Marilyn O’Hara Ruiz, a professor of pathobiology, led the study with graduate student Allison Gardner.
The study was conducted using mosquito larvae collected from catch basins in Alsip, a southwest suburb. The researchers examined weather factors that influenced the levels of mosquito larvae in the basins. They found that low rainfall and high temperatures are associated with high numbers of larvae.
The study appears in the Journal of Medical Entomology.
Checking storm water catch basins for mosquito larvae of the type that carries West Nile virus is particularly important in tracking the disease in populated areas, Ruiz said.
“Catch basins are important breeding sites for the vector of West Nile Virus – the Culex mosquitoes,” Ruiz said.
The West Nile Virus first appeared in Illinois in 2002, with 884 human infections statewide that year. That remains the highest number of recorded human cases in Illinois. The disease still is found in humans, birds and mosquitoes in the state.
The researchers found that rainfall was the primary factor in determining the presence of larvae, with low rainfall associated with greater numbers of larvae. The studies showed that while some rain is necessary for the larvae to develop, excess rain flushes out the premature larvae.
High temperatures also appeared to contribute to more larvae in the basins. The researchers found that the larvae developed more quickly when subject to both high air and water temperatures.
According to Ruiz, this analysis should allow for further research into the environmental factors affecting the abundance of WNV-carrying mosquitoes, as weather variability may not affect all catch basins equally. The results also may help those hoping to lessen populations of disease-carrying mosquitoes to properly treat catch basins to eradicate potentially harmful larvae.
Makenzie Dankle | EurekAlert!
The personality factor: How to foster the sharing of research data
06.09.2017 | ZBW – Leibniz-Informationszentrum Wirtschaft
Europe’s Demographic Future. Where the Regions Are Heading after a Decade of Crises
10.08.2017 | Berlin-Institut für Bevölkerung und Entwicklung
Plants and algae use the enzyme Rubisco to fix carbon dioxide, removing it from the atmosphere and converting it into biomass. Algae have figured out a way to increase the efficiency of carbon fixation. They gather most of their Rubisco into a ball-shaped microcompartment called the pyrenoid, which they flood with a high local concentration of carbon dioxide. A team of scientists at Princeton University, the Carnegie Institution for Science, Stanford University and the Max Plank Institute of Biochemistry have unravelled the mysteries of how the pyrenoid is assembled. These insights can help to engineer crops that remove more carbon dioxide from the atmosphere while producing more food.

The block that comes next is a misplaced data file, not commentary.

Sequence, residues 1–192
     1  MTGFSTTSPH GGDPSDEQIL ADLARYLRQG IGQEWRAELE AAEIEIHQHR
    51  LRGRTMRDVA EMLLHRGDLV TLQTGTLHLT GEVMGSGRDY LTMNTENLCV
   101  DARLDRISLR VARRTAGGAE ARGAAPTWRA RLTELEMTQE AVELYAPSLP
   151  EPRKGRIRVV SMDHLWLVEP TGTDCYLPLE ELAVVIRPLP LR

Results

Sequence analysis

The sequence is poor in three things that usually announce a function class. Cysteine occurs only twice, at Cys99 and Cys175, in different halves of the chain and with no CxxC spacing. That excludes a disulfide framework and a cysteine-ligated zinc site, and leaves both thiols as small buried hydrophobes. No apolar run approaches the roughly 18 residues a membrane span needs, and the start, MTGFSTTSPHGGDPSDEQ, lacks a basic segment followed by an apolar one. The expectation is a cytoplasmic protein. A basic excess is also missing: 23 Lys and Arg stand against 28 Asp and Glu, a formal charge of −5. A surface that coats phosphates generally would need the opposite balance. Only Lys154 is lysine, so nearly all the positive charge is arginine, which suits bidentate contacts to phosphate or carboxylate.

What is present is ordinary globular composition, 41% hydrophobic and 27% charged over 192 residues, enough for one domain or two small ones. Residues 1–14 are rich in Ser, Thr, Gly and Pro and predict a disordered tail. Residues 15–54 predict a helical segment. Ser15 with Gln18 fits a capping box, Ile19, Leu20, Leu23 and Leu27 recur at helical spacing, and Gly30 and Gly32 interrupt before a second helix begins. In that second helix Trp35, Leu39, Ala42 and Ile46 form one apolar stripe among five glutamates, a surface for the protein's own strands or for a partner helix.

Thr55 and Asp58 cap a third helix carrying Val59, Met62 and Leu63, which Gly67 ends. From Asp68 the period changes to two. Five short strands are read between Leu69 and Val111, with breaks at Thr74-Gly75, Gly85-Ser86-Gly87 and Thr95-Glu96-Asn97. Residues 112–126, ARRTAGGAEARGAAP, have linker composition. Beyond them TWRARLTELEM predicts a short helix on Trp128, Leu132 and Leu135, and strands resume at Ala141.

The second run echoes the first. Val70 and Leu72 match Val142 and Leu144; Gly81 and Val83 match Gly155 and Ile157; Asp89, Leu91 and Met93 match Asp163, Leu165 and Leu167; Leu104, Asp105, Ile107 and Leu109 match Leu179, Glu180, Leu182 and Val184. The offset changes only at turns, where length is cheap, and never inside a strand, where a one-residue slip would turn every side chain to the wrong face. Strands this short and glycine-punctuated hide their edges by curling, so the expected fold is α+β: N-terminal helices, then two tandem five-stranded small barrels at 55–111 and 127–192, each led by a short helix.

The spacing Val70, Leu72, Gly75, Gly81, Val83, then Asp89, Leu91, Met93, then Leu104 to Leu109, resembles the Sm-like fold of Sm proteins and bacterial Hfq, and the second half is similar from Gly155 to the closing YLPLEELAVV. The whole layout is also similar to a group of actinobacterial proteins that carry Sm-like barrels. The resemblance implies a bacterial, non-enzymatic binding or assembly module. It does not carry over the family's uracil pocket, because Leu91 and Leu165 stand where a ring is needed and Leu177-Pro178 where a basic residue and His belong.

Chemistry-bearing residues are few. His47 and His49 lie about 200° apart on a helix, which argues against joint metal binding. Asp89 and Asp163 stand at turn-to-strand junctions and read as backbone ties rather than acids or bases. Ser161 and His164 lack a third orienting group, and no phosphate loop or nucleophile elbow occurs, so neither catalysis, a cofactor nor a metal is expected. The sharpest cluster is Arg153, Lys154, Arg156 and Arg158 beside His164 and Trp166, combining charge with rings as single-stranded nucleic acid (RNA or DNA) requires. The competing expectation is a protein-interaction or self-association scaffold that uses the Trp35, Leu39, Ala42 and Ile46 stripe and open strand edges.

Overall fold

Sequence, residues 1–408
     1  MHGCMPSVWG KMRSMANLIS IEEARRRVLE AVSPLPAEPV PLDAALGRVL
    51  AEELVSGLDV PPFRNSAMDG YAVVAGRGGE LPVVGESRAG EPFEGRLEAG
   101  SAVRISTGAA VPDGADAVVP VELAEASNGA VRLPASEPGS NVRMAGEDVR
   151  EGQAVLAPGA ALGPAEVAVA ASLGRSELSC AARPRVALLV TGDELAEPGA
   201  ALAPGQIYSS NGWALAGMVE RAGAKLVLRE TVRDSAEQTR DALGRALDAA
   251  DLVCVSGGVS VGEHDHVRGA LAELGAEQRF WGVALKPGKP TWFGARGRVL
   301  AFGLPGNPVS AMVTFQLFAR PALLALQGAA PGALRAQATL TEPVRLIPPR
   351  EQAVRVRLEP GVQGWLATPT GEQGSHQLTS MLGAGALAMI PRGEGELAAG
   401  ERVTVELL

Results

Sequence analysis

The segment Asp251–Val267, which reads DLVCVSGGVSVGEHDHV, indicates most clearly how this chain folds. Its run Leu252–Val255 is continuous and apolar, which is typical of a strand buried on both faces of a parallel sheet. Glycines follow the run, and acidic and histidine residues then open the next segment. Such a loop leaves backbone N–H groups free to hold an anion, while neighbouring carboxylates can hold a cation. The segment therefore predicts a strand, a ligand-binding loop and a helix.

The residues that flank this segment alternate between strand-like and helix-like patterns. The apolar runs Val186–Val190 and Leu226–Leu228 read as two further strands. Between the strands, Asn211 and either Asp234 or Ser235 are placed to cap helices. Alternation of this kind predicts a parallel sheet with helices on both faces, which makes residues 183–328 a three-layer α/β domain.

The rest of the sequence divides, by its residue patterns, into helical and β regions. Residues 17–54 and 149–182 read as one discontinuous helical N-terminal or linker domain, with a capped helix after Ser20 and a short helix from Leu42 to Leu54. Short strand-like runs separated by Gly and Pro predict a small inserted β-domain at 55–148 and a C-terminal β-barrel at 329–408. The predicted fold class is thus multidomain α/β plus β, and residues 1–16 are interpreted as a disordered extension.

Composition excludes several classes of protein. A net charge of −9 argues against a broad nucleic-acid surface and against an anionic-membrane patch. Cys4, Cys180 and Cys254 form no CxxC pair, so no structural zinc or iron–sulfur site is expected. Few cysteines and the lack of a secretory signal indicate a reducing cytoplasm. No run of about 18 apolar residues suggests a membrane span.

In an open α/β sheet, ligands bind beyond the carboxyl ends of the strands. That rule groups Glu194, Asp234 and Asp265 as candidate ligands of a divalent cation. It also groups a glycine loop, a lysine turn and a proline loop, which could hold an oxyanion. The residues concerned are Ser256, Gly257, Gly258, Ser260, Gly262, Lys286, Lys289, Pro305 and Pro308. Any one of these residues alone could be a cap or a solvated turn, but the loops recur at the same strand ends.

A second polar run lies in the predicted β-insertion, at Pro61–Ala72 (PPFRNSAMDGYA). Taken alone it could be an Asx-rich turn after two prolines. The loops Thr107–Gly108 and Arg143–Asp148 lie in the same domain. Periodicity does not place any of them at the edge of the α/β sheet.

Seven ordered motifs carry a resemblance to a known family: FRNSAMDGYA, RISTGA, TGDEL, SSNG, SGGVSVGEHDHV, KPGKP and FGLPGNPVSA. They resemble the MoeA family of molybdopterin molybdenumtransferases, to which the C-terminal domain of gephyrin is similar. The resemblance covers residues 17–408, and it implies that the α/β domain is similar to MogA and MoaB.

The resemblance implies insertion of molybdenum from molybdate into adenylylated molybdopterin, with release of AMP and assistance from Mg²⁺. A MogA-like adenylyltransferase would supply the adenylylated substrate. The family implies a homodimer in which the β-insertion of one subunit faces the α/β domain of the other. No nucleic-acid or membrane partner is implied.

A warming planet
Our brains house extremely complex neuronal circuits, whose detailed structures are still largely unknown. This is especially true for the so-called cerebral cortex of mammals, where among other things vision, thoughts or spatial orientation are being computed. Here the rules by which nerve cells are connected to each other are only partly understood. A team of scientists around Moritz Helmstaedter at the Frankfiurt Max Planck Institute for Brain Research and Helene Schmidt (Humboldt University in Berlin) have now discovered a surprisingly precise nerve cell connectivity pattern in the part of the cerebral cortex that is responsible for orienting the individual animal or human in space.
The researchers report online in Nature (Schmidt et al., 2017. Axonal synapse sorting in medial entorhinal cortex, DOI: 10.1038/nature24005) that synapses in...
Whispering gallery mode (WGM) resonators are used to make tiny micro-lasers, sensors, switches, routers and other devices. These tiny structures rely on a...
Using ultrafast flashes of laser and x-ray radiation, scientists at the Max Planck Institute of Quantum Optics (Garching, Germany) took snapshots of the briefest electron motion inside a solid material to date. The electron motion lasted only 750 billionths of the billionth of a second before it fainted, setting a new record of human capability to capture ultrafast processes inside solids!
When x-rays shine onto solid materials or large molecules, an electron is pushed away from its original place near the nucleus of the atom, leaving a hole...
For the first time, physicists have successfully imaged spiral magnetic ordering in a multiferroic material. These materials are considered highly promising candidates for future data storage media. The researchers were able to prove their findings using unique quantum sensors that were developed at Basel University and that can analyze electromagnetic fields on the nanometer scale. The results – obtained by scientists from the University of Basel’s Department of Physics, the Swiss Nanoscience Institute, the University of Montpellier and several laboratories from University Paris-Saclay – were recently published in the journal Nature.
Multiferroics are materials that simultaneously react to electric and magnetic fields. These two properties are rarely found together, and their combined...
19.09.2017 | Event News
12.09.2017 | Event News
06.09.2017 | Event News
22.09.2017 | Life Sciences
22.09.2017 | Medical Engineering
22.09.2017 | Physics and Astronomy